As witness Heidi Shierholz, economist at the Economic Policy Institute, testified at a U.S. Congress Joint Economic Committee hearing this week on “Empowerment in the Workplace,” “An empowered workforce is one that shares fairly in the fruits of its labor.” Unfortunately, government policies have led to trends of inequality over the past decades. 

This is in part because policy has failed to respond to changing realities of the workforce, as Congressman John Delaney stressed in an opening statement. While workplaces are often structured around an outdated model of a two parent household with one breadwinner and one parent home to take care of family responsibilities, this model no longer works for families in the United States. Today, women comprise nearly fifty percent [PDF] of the workforce, and compared with 30 years ago, mothers of young children are almost twice as likely [PDF] to be employed. Additionally, men today report spending more time with their children. More than ever before, workers must balance work duties with meeting the basic needs of their families.

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Race to the Top: States Continue to Set New Standards with Minimum Wage Increases

Posted by Emily Wales, Fellow | Posted on: June 20, 2014 at 02:56 pm

Don’t Google “state pride tattoos.” There are just too many results; it’s overwhelming. But as my “research” proved, competition among states can manifest itself in some really silly ways. Every once in a while, though, that my-state-is-better-than-yours attitude is well earned.

Take, for example, the number of states vying to establish the country’s highest statewide minimum wage. More than once this year, we’ve read headlines that one state or another has climbed to the top – and it just keeps happening. In March, Connecticut was self-high-fiving during its reign. Earlier this month, Vermont snatched the title. And as of this week, Massachusetts is moving into first place.

The Bay State’s bill, which will raise the minimum wage to $11 an hour by 2017, received final lawmaker approval yesterday, and Governor Deval Patrick is expected to sign the legislation soon. Tipped workers will also see an increase in their minimum cash wage, which will rise from $2.63 to $3.75.

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Parents in Low-Wage Jobs Share Their Struggles Finding Child Care and Making Ends Meet

Posted by Emily Wales, Fellow | Posted on: June 20, 2014 at 02:24 pm

Women make up 76 percent of workers in the 10 largest low-wage occupations and they shoulder the lion’s share of caregiving responsibilities for children. Yet working parents in low-wage jobs – most of whom are women – face significant obstacles to securing child care that is stable, high-quality, and affordable. The Ms. Foundation is supporting an effort by six worker justice organizations – Adhikaar for Human Rights and Social Justice, the Coalition of Immokalee Workers, the Garment Worker Center, the Retail Action Project and Center for Frontline Retail, and Restaurant Opportunities Centers (ROC) United – and the National Women’s Law Center to examine the working conditions in low-wage jobs that make it so difficult to arrange child care.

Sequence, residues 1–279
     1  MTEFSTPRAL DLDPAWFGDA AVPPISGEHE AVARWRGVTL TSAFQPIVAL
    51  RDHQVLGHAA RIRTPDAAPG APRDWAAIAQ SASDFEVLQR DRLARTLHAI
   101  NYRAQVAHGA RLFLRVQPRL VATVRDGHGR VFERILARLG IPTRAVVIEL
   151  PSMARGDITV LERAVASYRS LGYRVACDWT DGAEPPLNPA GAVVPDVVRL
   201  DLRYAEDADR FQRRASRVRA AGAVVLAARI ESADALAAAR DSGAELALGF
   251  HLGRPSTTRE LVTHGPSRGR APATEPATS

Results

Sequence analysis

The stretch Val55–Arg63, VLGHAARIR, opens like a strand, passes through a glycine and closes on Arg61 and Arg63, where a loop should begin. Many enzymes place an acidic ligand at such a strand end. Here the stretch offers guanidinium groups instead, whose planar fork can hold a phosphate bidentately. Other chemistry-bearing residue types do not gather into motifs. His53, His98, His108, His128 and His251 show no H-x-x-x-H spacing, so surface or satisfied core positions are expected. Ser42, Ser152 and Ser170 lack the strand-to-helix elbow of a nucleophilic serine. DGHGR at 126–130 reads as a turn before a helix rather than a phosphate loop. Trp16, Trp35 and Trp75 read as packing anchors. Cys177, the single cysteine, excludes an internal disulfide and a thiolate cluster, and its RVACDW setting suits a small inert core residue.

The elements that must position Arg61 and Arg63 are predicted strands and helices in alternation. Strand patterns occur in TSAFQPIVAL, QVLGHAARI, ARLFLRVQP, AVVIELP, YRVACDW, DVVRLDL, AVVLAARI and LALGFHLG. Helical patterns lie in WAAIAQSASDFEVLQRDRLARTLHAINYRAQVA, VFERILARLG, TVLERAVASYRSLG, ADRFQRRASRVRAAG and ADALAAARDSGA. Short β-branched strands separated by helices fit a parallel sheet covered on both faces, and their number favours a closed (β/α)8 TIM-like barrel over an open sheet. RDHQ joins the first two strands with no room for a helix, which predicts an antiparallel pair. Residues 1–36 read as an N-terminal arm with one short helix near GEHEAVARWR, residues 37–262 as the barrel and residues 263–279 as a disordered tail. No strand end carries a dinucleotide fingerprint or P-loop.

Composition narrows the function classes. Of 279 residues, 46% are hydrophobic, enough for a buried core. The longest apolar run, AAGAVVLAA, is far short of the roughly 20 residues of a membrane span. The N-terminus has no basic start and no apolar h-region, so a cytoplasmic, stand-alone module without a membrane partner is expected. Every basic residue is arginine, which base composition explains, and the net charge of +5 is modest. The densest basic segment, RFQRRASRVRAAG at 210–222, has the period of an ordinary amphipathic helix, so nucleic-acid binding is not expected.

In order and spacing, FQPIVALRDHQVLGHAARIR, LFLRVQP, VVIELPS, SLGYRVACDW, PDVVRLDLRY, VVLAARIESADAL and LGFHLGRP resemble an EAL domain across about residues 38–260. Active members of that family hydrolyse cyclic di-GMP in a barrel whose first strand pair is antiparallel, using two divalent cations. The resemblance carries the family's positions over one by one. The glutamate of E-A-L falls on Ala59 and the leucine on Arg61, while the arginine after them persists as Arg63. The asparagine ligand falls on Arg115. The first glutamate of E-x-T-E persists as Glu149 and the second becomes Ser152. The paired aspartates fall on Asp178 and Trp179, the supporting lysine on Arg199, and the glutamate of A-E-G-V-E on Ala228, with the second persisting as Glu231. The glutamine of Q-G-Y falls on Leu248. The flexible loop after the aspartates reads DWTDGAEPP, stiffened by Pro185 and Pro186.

Together, we’re releasing a preliminary report with survey and focus group findings from participatory research conducted by the worker justice organizations that illuminate these challenges – along with preliminary ideas about where we go from here. Read the report here.

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Two Simple Tax Code Changes that Would Make a Big Difference for Working Families

Posted by Susanna Birdsong, Fellow | Posted on: June 20, 2014 at 12:21 pm

I have an almost 2 year old daughter, Lilly. She is so many things: funny, loving, adventurous, curious…expensive. I mean she’s worth it and all, but man does that girl eat her way (literally and figuratively) through our family budget every month.  I know our family is not alone. It seems like everyone is talking about the rising cost of raising children—and it turns out that talk is actually true. And despite the rising cost of living and child rearing, most family income is not keeping up, delivering a one-two punch to working families’ bottom lines.

On June 23rd, the White House will hold a Working Families Summit to focus on the current needs of America’s working families, and potential policy solutions that can help address those needs. I’m hopeful that the Summit will be the beginning of a concerted push for changes that will respond to the economic realities of working families—including some changes in our tax code. There are many tax provisions that can help families make ends meet while raising kids—and a couple of commonsense proposals to make those tax provisions even more meaningful.